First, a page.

But inside the church, the Ideal Orgs are sparking insurrection. Across the country, donors and high-ranking executives say that the aggressive fundraising and construction scheme is used to enrich the central church at the expense of the rank and file, helping to grow the Scientology war chest to over a billion dollars. Two former members, Mike Rinder and Mark Elliott, went so far as to call the project a "real estate scam." To some of these defectors, the structures are metaphors for the religion itself: garish on the outside, empty on the inside. The irony is that the very expansion that Scientology lauds as its renaissance is actually a symbol of internal dissent and decline.
According to ex-executives, the Ideal Org money play is simple: Find beautiful buildings; get local parishioners to foot the bill; keep them closed; keep fundraising; open them; and finally, have the parishioners pay for renovations, buy supplies, and send money to the central church for the right to practice there.
Visit NBCNews.com for breaking news, world news, and news about the economy
NBC's Rock Center just sent us another peek at its Thursday night show with Paul Haggis and Lawrence Wright. Wow, take a look at these quotes from Haggis!
Wright explains why Scientology is controversial — because of the way it has treated its own people and outsiders who question it, of course. And it's also interesting to see Haggis say that giving the interview is really a stupid idea, implying that Scientology's legendary retaliation apparatus will make him pay.
Fast forward to last year, when, in a lengthy New Yorker profile, Haggis said he thought the church would try to discredit him by finding some dirty little secret to feed to the tabloids : "My bet is that, within two years, you're going to read something about me in a scandal that looks like it has nothing to do with the church."
This week Haggis told the New York Post's Page Six the church hasn't let up. "There are private eyes going through my trash. But only the paper is missing. Well, only paper I write on."
2011-01-15, Marty Rathbun, Moving On Up a Little Higher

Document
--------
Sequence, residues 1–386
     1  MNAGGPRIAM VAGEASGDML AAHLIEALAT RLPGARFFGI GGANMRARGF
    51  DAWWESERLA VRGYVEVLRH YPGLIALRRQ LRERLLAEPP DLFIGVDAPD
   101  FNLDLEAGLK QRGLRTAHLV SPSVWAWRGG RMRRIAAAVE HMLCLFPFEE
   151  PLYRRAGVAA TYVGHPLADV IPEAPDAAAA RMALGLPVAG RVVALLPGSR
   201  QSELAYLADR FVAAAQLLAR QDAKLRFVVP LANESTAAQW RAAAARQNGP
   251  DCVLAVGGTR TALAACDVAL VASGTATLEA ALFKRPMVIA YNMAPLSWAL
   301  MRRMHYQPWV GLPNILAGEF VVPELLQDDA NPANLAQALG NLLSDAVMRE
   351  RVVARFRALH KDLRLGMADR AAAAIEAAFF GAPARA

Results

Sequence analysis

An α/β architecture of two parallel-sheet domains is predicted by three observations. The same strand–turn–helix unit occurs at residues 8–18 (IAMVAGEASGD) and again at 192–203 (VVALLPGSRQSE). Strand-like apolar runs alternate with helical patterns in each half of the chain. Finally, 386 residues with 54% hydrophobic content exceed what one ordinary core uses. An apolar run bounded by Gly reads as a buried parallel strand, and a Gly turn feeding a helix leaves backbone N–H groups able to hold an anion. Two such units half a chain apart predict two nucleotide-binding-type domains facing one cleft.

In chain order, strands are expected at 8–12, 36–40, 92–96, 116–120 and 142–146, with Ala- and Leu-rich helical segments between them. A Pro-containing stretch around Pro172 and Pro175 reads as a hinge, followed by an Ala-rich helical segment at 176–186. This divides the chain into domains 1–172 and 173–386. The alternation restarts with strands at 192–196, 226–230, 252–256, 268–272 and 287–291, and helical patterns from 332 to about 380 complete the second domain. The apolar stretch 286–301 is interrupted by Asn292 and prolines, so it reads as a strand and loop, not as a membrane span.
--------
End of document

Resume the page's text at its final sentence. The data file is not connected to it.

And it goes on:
Here is some breaking news from my good friend of 33 years Mat Pesh. It further illustrates a point I have been making to friends for some time now: the Ogre that is destroying the church of Scientology is not only its failure to practice the technology but also its insistence on performing over-the-top freak shows attempting to shut people up. David Miscavige's primary collection line is based on his continued, off-policy advertisements of attacks against "Scientology." While painting himself as a victim he carefuly omits 100% of the "attacks" are brought about by his insane continuing efforts to control thought and suppress free speech, much like is documented below as occuring to this day (literally).
By the way, thanks Amy and Mat. Mike Rinder and I got a whole hell of a lot accomplished over the past couple days. I was wondering why there was so little distraction from the mosquitoes. Now, I know why.
RADICAL CORPORATE SCIENTOLOGY CONTINUES TO FAIL
As well as medical neglect, Peta O'Brien's letter told of a hostile working environment, an arbitrary internal justice system and a culture of bullying among senior executives.
When Peta O'Brien wrote to Senator Xenophon, she had only recently quit Scientology, having worked for them between 1989 and 2009, first in the Sea Org and then in staff posts.
O'Brien described how she was recruited into Scientology after a recent divorce.
Lawyers acting for Scientology are allegedly using medical information about two protesters picketing a Scientology facility near Hemet, California in an attempt to prevent the duo's attendance at further demos. The two protesters Angry Gay Pope and Happy Smurf, a former Scientologist, are contesting the legal action, which would prevent them protesting at the important facility (known internally as Gold Base). The pair, both openly gay, have the representation of attorney Graham Berry.
The ongoing battle between the Church of Scientology and the loosely-affiliated Anonymous collective has seen an explosion in protests over the last year. Scientologists have allegedly used false reports to the police, physical attacks and loudspeakers to curtail or frustrate protests at Gold Base.
The Scientologists' legal petition against the protesters alleges that they pose a "threat" to the wellbeing of 500 Scientology workers. Critics portray the move as a continuation of the organisation's hostility to homosexuality, which has included claims that it is able to "cure homosexuality" and providing financial support for Proposition 8, a law in California that bans the marriage of homosexual couples.
2009-01-15, Tony Ortega, Runnin' Scared, Village Voice
Mahoud Samed Almahadin (a/k/a Matt Connor) apparently thought it might be a smart way to protest L. Ron Hubbard's wacky cabal by slathering himself in vaseline, toenail clippings, and pubic hair clippings, and then entering the Scientology building on W. 46th Street and rubbing himself on everything in sight.
Morton's portrait of Cruise can be sharp and damning -- he depicts him as cold, calculating, manipulative and one who easily cuts off people after they have outlived their usefulness -- but he begins sympathetically, noting that the movie star's childhood was a rough-and-tumble one.
Independent publisher Henry Rosenbloom says more and more larger publishing houses are being scared off by possible legal threats.
"There's been a really chilling effect on the publication of current affairs matters, for instance," he said.